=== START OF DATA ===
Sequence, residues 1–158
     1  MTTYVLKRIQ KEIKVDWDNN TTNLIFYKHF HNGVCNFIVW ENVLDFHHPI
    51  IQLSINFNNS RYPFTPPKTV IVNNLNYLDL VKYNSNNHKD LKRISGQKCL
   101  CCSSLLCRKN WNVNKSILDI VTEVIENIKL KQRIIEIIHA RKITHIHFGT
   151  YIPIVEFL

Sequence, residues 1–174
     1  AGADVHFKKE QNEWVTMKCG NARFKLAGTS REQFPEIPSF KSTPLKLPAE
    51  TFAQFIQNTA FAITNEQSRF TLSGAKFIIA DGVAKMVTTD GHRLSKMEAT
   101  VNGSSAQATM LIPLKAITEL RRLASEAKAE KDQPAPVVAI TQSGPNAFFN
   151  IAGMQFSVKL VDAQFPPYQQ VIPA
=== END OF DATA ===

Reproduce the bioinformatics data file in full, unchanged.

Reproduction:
Sequence, residues 1–158
     1  MTTYVLKRIQ KEIKVDWDNN TTNLIFYKHF HNGVCNFIVW ENVLDFHHPI
    51  IQLSINFNNS RYPFTPPKTV IVNNLNYLDL VKYNSNNHKD LKRISGQKCL
   101  CCSSLLCRKN WNVNKSILDI VTEVIENIKL KQRIIEIIHA RKITHIHFGT
   151  YIPIVEFL

Sequence, residues 1–174
     1  AGADVHFKKE QNEWVTMKCG NARFKLAGTS REQFPEIPSF KSTPLKLPAE
    51  TFAQFIQNTA FAITNEQSRF TLSGAKFIIA DGVAKMVTTD GHRLSKMEAT
   101  VNGSSAQATM LIPLKAITEL RRLASEAKAE KDQPAPVVAI TQSGPNAFFN
   151  IAGMQFSVKL VDAQFPPYQQ VIPA